The AAR “Religions in Chinese and Indian Cultures: A Comparative Perspective” Group is looking for papers on “Cultivation and Its Consequences.” Read on for details.
While the intellectual exploration of ideas as intrinsically significant is, of course, understood and celebrated in classical Indian and Chinese thought, most achievements of the greatest intellectual significance were usually embedded within teleologies intended to transform the nature of human existence, individually, socially, or universally. We therefore find that particular areas of philosophical activity—ethics, epistemology, metaphysics, phenomenology, theory of mind, and the like—developed with the intention of securing some further good. Consequently, philosophical activity was also closely correlated with practices meant to make its conceptual achievements tools for the attainment of some such good. As a result, the theme of cultivation—the practices that enabled understanding to become transformative of the condition of the practitioner—is an important one in our study of Chinese and Indian traditions. The structures and processes of cultivation varied with the conceptual resources utilized, as well as the further good to which it was held to lead. But all this was not contained within a strict linear development: practices themselves came to be theorized, practices of cultivation influenced other traditions, and the intellectual content and higher goals of traditions were often transformed as the power and potential of some practices came to be more widely realized.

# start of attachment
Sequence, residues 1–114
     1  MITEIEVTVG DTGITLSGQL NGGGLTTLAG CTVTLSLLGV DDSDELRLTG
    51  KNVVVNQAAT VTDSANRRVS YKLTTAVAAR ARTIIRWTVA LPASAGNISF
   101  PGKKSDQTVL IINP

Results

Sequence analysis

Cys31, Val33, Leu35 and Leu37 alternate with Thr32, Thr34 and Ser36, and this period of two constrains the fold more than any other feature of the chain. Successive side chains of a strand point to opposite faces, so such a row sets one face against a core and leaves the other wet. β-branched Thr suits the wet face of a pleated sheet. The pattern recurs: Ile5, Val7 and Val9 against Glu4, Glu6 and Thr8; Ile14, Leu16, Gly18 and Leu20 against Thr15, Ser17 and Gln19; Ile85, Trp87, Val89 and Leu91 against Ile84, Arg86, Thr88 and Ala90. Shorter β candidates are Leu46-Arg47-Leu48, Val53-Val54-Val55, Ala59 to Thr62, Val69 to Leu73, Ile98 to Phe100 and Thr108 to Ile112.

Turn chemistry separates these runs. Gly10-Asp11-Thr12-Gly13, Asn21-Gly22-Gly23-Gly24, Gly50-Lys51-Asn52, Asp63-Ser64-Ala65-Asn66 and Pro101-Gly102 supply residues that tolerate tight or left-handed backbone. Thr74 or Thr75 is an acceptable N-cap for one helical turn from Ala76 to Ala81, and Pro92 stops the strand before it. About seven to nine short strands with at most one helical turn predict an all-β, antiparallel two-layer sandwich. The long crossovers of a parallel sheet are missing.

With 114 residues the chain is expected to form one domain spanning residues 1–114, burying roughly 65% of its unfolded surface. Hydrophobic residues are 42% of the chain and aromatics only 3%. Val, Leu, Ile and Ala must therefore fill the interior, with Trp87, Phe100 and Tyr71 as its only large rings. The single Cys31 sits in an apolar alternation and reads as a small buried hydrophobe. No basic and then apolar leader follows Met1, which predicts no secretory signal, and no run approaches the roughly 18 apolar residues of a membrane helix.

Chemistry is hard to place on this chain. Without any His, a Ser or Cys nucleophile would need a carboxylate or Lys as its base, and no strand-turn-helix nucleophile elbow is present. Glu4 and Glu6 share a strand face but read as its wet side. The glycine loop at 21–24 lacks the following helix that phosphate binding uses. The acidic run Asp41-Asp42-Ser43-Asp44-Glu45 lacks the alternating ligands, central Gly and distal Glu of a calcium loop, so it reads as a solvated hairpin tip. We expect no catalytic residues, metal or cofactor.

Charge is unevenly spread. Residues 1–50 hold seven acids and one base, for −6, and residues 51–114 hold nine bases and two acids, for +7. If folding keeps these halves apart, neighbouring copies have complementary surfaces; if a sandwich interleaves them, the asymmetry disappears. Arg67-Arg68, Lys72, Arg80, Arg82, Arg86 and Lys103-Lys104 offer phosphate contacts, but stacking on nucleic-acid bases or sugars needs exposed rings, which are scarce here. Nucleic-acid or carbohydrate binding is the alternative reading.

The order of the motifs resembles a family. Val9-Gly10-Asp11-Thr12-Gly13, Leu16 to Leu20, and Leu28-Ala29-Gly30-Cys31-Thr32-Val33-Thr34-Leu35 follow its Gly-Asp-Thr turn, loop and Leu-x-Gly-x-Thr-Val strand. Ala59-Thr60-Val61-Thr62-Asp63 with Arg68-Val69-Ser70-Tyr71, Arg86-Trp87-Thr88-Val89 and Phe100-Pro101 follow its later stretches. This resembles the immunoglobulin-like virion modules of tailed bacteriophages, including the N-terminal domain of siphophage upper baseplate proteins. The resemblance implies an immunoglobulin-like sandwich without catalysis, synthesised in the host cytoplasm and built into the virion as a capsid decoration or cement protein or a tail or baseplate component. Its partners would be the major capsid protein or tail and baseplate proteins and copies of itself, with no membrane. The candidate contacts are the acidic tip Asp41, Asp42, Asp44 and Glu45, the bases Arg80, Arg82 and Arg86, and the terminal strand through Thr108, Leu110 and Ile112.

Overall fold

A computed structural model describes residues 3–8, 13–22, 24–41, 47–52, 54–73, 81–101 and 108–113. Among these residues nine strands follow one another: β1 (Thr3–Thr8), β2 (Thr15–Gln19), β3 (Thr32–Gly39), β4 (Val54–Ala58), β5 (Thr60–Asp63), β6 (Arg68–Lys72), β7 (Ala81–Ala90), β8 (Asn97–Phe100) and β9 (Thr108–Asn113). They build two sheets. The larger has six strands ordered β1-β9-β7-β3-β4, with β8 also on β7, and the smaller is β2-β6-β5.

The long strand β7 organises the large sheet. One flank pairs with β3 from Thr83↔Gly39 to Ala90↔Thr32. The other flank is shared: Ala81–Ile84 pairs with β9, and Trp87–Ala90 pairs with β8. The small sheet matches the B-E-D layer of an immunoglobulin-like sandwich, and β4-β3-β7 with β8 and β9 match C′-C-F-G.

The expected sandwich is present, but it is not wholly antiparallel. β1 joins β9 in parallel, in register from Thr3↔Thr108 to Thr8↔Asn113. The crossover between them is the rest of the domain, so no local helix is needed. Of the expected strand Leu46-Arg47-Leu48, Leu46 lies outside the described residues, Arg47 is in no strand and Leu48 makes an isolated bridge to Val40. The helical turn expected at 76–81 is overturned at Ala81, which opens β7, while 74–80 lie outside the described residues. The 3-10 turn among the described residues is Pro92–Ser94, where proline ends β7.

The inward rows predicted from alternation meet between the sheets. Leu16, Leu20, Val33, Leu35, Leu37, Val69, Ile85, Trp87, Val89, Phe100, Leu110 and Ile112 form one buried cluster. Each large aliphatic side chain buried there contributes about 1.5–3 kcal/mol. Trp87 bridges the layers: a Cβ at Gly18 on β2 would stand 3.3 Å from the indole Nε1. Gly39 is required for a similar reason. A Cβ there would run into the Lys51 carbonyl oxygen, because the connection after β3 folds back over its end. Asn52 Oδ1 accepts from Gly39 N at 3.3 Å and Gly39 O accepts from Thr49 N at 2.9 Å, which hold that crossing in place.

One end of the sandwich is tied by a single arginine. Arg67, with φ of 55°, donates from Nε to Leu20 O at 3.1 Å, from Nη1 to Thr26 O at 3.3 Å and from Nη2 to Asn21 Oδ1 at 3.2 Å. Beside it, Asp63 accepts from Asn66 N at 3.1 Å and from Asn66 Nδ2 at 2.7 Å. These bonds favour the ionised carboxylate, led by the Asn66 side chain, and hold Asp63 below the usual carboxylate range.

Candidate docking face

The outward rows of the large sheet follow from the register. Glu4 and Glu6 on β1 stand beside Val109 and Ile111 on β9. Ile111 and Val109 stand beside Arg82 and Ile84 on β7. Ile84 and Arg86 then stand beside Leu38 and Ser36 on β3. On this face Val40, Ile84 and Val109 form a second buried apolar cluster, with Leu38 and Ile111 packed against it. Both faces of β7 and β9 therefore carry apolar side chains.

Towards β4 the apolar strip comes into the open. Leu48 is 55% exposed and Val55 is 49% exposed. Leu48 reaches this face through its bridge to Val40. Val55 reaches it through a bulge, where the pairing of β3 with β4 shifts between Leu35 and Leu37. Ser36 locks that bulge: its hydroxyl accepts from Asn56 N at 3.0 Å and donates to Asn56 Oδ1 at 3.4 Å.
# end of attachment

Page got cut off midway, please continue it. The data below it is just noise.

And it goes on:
Many issues arise in the scholarly study of cultivation, and include the following:
• The theorization of ‘cultivation’ found in the native categories of Indian and Chinese traditions
• The similarities and differences that mark cultivation and its consequences, both within and between Indian and Chinese traditions
• The philosophical underpinnings of practices of cultivation
• The relationship between cultivation and the good it is held to secure
• The historical transformation of practices of cultivation through philosophical and cultural interactions
• The unintended yet illuminating consequences that occasionally arose in the development of particular theories and practices of cultivation
As always with this panel, we ask for the following:
• Papers should be grounded in particular texts and/or ethnographic materials.
• Papers MUST engage comparatively between one or more Indian AND Chinese traditions, systems or texts.
We very much recognize that panelists will be specialists of one or the other area of India and China, and encourage innovative, exploratory and even preliminary study of the area they are unfamiliar with, in a spirit of scholarly curiosity and conceptual open mindedness.